Investments 

City of London’s Curtis shuns UK domestic shares

City of London’s Curtis shuns UK domestic shares

Attractive valuations and dividends are not enough to persuade Job Curtis, who runs the £1.5bn City of London Investment Trust, to turn to UK domestic earners for income.  

The trust has increased its dividend for each of the past 51 years. The current yield on the trust is 3.9 per cent.

Mr Curtis said while the price to earnings ratios and dividend yields of UK domestic earners are enticing, the evidence suggests all bad news is not currently reflected in the share prices.

He said central to the argument, put forward by among others Invesco Perpetual’s Mark Barnett, that UK domestic shares are cheap, is the view that having fallen so far, the shares represent value, whatever happens to the wider economy.

Mr Curtis said while he sees the logic of that argument, he is wary of it.

“We recently saw an update from Greene King, a pub company which we own, the update was negative and you would think the share price was already discounting bad news, but the shares suffered quite a sharp fall.

"That implies UK domestic shares are not already priced at a level to reflect bad news.”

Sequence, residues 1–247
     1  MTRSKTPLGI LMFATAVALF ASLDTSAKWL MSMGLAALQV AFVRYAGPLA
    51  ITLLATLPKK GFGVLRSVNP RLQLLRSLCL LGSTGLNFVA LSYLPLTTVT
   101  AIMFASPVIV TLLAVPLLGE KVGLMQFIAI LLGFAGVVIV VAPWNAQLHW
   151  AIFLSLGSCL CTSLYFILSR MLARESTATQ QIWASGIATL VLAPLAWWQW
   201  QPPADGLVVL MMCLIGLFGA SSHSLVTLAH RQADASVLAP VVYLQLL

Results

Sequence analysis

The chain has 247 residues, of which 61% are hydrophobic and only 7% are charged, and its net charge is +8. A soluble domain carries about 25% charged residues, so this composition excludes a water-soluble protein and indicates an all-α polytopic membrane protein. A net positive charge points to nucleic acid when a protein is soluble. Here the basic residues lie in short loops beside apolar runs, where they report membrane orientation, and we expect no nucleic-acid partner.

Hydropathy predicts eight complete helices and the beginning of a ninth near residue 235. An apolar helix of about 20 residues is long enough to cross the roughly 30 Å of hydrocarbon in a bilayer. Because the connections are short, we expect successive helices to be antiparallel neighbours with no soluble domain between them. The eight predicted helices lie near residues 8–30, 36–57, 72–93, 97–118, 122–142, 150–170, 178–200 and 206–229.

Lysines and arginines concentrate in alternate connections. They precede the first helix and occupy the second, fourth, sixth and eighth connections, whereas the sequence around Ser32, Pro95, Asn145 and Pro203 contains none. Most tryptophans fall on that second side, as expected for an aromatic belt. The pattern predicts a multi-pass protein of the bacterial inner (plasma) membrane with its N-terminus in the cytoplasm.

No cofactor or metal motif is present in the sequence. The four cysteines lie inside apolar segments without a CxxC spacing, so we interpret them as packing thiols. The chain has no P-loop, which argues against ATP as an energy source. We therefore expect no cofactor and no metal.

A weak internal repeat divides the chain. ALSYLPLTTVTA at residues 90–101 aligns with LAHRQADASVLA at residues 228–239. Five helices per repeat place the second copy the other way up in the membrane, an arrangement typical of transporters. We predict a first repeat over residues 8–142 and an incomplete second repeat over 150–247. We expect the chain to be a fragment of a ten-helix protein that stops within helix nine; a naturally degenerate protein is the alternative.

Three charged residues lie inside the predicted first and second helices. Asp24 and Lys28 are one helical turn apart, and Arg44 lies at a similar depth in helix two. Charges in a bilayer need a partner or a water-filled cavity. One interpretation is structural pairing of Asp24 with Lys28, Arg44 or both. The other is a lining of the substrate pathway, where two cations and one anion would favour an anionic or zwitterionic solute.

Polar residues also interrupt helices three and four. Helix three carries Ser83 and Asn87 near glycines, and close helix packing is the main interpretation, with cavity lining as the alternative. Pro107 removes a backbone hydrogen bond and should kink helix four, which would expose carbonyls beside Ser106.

The fund manager said the level of economic uncertainty in the UK is unprecedented, and added to an element of political risk, the outlook for shares that derive the greater part of their revenue from within the UK is murky.

That outlook has prompted Mr Curtis to focus on overseas earners, despite the valuations being higher.

The fund manager said that this time last year there was uncertainty about the sustainability of companies such as BP, Shell and HSBC.

He said BP and Shell have done a “remarkable” job at cutting costs, and with the oil price stable, the dividends should be durable. Of HSBC he said the fact the company has embarked on a share buyback initiative shows the strength of the dividend.

A common feature of the large cap stocks he mentioned above is they pay dividends in dollars. This meant last year the dividends were worth more to sterling investors as the dollar was strong.

The dollar has been weak against sterling this year, but Mr Curtis said the global economy is performing well, allowing those companies to increase dividends without the aide of a currency fluctuations.

He has recently bought shares of FTSE 100 mining company Anglo American. He said the outlook for the mining sector has improved due to the improved growth outlook in China and Europe.

Clive Beagles, who runs the £3.3bn J.O Hambro UK Equity Income fund, is another investor who has recently begun to invest in Anglo American shares.

He said: "Its share price has gone up a lot from the lows seen at the end of 2015, but it is important to focus on the new strategy and the current valuation metrics when assessing the stock from an investment perspective.

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